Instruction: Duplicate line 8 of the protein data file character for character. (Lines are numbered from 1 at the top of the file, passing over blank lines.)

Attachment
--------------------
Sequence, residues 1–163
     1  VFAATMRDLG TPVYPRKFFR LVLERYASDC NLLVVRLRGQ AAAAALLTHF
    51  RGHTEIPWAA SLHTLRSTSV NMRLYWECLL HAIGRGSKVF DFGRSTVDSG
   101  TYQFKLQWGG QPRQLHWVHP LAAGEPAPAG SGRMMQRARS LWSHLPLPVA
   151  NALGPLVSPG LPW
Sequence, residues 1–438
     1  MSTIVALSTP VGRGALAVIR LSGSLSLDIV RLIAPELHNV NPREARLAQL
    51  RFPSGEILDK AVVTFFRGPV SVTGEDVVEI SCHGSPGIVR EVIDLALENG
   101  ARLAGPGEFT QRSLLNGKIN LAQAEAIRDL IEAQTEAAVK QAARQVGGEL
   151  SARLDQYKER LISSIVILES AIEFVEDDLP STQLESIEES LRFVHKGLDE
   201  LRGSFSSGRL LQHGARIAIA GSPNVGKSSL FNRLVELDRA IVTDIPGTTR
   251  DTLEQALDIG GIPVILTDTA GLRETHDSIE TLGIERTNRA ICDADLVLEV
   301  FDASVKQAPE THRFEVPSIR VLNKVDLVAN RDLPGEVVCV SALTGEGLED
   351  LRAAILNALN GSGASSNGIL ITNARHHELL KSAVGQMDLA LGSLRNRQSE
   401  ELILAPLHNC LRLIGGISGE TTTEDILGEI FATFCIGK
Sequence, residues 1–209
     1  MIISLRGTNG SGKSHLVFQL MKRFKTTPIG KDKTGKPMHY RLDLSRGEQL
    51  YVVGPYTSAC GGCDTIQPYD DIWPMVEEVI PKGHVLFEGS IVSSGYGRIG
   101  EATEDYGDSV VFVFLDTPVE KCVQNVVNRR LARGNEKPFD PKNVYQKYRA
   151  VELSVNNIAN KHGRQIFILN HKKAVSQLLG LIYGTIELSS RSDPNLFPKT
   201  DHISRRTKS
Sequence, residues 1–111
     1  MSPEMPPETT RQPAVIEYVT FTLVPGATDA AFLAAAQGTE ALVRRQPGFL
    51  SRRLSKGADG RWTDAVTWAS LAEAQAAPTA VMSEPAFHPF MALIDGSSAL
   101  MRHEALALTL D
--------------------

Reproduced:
    51  RFPSGEILDK AVVTFFRGPV SVTGEDVVEI SCHGSPGIVR EVIDLALENG